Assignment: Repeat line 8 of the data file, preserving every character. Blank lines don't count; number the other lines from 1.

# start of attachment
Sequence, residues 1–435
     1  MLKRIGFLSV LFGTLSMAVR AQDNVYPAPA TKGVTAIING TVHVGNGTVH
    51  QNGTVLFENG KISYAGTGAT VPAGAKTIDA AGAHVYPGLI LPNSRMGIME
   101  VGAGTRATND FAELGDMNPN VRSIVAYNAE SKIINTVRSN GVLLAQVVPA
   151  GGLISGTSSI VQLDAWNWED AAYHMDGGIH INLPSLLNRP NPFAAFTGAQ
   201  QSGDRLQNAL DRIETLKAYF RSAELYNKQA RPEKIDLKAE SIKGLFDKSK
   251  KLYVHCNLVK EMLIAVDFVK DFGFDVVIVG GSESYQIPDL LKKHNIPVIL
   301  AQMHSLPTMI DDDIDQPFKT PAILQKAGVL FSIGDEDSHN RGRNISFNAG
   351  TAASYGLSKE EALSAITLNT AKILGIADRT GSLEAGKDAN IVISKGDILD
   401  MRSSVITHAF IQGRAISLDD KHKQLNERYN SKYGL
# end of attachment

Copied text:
   301  AQMHSLPTMI DDDIDQPFKT PAILQKAGVL FSIGDEDSHN RGRNISFNAG